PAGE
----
18/2 = 9r0. 0-39 is negative.
18/2 = 8r2. 20-3
8 is negative.
18/2 = 7r4. 40-3*7 is positive, so we need to use this one.

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That was another great algorithm Kinma. But besides such brute-force division, one could also instead memorize the cycle of 23. This has just 11 repeating digits, in particular: 04347826086 and then continue with their exact complements (to 9) respectively: 95652173913.

100/23 = 4 with a remainder of
8/23 = 0.347826086 95652173913 04347826086 95652173913 04347826086 and so on.

This trick is just recital with not much calculation needed, besides finding the initial remainder and the 1st decimal digit’s position inside that sequence. After that, it only requires memorizing just 11 sequential digits 04347826086 and then continue by subtracting their complements to get 95652173913 , hence you can divide by 23 as fast as you can recall your recital. Albeit not mental calculation, I consider that to be faster than brute-force division. I guess Daniel Tammet thought the same when he was dividing with prime numbers like 97 using his preset memorization of 48 digits.

And since this is a primarily memory forum, I think it’s useful to incorporate some extra memory tricks into calculation.

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Alternative method for dividing by 23: Multiply the dividend by 3, and then divide it by 69, using the technique for dividing by numbers ending in 9.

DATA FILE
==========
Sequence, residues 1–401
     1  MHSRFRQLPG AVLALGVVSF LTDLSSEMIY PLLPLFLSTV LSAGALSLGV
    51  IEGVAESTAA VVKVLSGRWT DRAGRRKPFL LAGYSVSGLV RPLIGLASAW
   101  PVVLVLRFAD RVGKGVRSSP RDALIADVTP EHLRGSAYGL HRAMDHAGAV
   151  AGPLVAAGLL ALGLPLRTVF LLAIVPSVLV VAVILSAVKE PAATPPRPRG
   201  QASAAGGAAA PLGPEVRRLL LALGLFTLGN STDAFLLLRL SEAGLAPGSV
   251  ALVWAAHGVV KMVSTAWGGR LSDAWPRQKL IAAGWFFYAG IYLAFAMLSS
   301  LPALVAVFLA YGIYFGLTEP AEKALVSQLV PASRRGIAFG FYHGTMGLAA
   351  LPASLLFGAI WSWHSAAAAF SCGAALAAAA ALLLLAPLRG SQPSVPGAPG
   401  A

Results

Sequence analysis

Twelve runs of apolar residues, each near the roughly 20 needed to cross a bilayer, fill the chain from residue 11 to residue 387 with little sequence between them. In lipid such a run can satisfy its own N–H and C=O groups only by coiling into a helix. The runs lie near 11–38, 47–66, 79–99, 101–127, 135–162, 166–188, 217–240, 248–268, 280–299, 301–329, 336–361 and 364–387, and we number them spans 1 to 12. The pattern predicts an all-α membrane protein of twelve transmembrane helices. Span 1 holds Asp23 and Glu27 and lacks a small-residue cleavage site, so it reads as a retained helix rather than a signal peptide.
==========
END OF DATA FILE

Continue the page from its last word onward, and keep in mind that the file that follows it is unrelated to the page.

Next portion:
So, 100/23 becomes 300/69, and you still get the same answer.

So true.

This is true and can do with a bit of repeating.
Like here:

Excellent find! That works just as well of course.
One of the things I like in mental calculation is that there are usually even simpler ways of calculating.
Creativity is so important!

One useful thing in memorizing full reptend primes (such as 23) is that they’re also sums of geometric series.

For example, 1/23, as has been mentioned, is equal to 04347826086 95652173913 repeating.

This is the sum of:
``` 0.04 0.0032 0.000256 0.00002048 0.0000016384 ```

…and so on. Written as a geometric series:

Σ 0.04*((0.08)^n) for n = 0 to infinity

…which is equal to:

(0.04)/(1-0.08) = 0.04/0.92 = 1/23

There’s also more than one way to express full reptend primes as a geometric series, as well. This also works starting with 0.043478 and repeatedly multiplying by 0.000006: